A team of researchers from the University of Maryland is developing a portable device to identify different odors throughout an environment.

Funded by a four-year, $2 million grant from the National Science Foundation, the “nose on a chip” project aims to develop a device that uses living cells to detect scents. According to project leader and mechanical engineering professor Elisabeth Smela, creating an artificial nose is important because scent is one of the five senses that technology has yet to replicate.

“On our cellphones we have cameras, we have microphones, we have gyroscopes, we have accelerometers,” Smela said. “We don’t have a nose.”

Once developed, the device could detect spoiled food, drugs and bombs, help diagnose diseases and come in handy for search and rescue purposes, according to Smela.

Working alongside Smela on the project are biology professor Ricardo Araneda, electrical and computer engineering professor Pamela Abshire, computer science professor Abhinav Shrivastava and David Tomblin, who directs the College Park Scholars science, technology and society program.

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The sense of smell is extremely versatile across different species, according to Smela. Birds and insects can sense and seek out specific flowers, hounds can follow scent trails that are hours and days old and humans can detect about 10,000 different odors.

For odors that the human nose and existing technology cannot detect, humans utilize dogs, rats and mice, Smela said.

However, according to project co-lead Abshire, there are limitations to these methods. When humans use animals to track or detect odors, there are no electronic records of that detection, making it difficult to reproduce the results, Abshire said.

But the “nose on a chip” that the researchers are developing could offer many industrial and commercial applications.

“It seems that there can almost be an infinite number of things that it can be applied to when it comes to odor,” Tomblin said.

The perfume industry, for example, could use the device to identify which odors people like in order to fashion those scents into new perfume, Tomblin said.

The device could even potentially help people find compatible friends or romantic partners because one of the major ways humans access their social interactions is through smell, according to Abshire.

Development of the “nose on a chip” took off approximately 10 years ago, when Smela and Abshire partnered with Araneda.

At the time, the team was working with primary cells, or cells taken directly from an animal. But the fragility of these cells hindered their progress.

“The olfactory sensory neurons that we worked with once upon a time were some of the most finicky cells that we’ve ever worked with,” Abshire said. “They were the hardest to keep alive.”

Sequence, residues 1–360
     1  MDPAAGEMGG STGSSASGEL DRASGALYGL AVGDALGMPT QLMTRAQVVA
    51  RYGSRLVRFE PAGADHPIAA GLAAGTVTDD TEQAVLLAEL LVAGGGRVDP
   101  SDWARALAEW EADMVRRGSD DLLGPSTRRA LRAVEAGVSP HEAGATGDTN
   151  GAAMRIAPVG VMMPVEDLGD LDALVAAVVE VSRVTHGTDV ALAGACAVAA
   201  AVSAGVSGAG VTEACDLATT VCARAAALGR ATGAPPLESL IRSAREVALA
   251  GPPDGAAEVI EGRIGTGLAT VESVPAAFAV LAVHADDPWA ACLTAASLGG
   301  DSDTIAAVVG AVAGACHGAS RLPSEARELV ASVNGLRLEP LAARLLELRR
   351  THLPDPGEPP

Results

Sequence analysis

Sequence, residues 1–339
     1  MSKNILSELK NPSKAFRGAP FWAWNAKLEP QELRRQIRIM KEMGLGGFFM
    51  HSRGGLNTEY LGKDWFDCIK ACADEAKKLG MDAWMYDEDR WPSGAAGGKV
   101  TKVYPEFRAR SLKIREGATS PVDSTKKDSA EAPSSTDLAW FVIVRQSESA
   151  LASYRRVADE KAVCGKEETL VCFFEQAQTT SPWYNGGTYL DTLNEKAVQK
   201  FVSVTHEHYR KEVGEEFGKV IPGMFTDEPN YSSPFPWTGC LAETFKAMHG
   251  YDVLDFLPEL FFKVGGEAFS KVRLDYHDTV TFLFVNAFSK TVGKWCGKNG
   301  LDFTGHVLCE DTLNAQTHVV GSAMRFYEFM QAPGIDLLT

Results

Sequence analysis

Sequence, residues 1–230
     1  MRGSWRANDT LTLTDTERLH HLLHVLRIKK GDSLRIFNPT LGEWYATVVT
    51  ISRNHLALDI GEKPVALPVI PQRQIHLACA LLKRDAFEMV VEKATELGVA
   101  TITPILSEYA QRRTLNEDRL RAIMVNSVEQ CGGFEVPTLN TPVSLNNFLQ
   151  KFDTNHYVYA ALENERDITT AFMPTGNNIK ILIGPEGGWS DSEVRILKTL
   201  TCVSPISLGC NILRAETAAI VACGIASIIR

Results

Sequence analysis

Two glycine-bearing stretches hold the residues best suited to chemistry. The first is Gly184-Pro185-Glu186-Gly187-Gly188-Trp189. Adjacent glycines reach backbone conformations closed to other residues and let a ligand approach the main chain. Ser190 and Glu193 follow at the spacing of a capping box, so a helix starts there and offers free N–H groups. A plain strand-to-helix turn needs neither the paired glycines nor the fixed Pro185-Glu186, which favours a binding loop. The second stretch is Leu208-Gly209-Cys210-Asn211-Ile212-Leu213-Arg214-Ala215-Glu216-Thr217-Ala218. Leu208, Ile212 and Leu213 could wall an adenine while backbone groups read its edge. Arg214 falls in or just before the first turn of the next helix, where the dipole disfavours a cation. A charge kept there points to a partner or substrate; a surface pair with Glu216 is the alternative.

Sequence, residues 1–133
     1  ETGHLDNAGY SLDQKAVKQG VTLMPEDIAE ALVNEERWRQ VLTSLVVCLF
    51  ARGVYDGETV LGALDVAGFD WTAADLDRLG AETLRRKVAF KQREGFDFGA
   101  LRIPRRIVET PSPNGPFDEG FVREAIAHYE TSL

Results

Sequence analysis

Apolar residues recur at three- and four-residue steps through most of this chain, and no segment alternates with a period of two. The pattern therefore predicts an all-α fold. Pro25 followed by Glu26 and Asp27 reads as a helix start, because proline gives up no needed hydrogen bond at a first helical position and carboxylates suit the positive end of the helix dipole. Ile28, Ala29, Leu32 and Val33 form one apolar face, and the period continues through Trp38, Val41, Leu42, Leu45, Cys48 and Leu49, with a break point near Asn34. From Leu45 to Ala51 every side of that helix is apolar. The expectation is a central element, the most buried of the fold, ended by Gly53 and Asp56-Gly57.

The team decided instead to focus on developing an olfactory sensory neuron cell line to conduct research, Smela said. A cell line is a group of cells that can be propagated indefinitely.

Rather than developing their own cell line, which would have been time-consuming, the team reached out to Japan’s National Agriculture and Food Research Organization in hopes of utilizing one of the organization’s existing cell lines, which were developed from insect cells that could be dried out and then later rehydrated.

Those insect-based cells could be stored and controlled at room temperature and were fairly unaffected by a large range of environmental conditions, making them a good fit for the “nose on a chip” researchers.

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“You want [the device] to just sit on the shelf until you’re ready to use it,” Smela said. “We were very excited about the possibility of having cells that could just sit on a chip until they were ready to be used, and then add water.”

NARO successfully genetically engineered the insect cells to be able to detect scent so they could be used for the project. The organization also added a green fluorescent protein into the insect cells, so that when an odor binds to the receptors in the cells, the cells light up.

According to Smela, the researchers’ current work involves machine learning. The team is analyzing how the odor receptors in the insect cells respond to different airborne scents with the assistance of artificial intelligence.

Once a machine learning interface analyzes how the insect cells’ odor receptors recognize airborne scents, researchers will be able to create devices tailored to identifying specific scents — a possibility Smela said is promising for many fields.

“Animals can detect disease — dogs can detect cancer, insects can detect COVID,” Smela said. “People, maybe in the future, would have at home testing kits for disease.”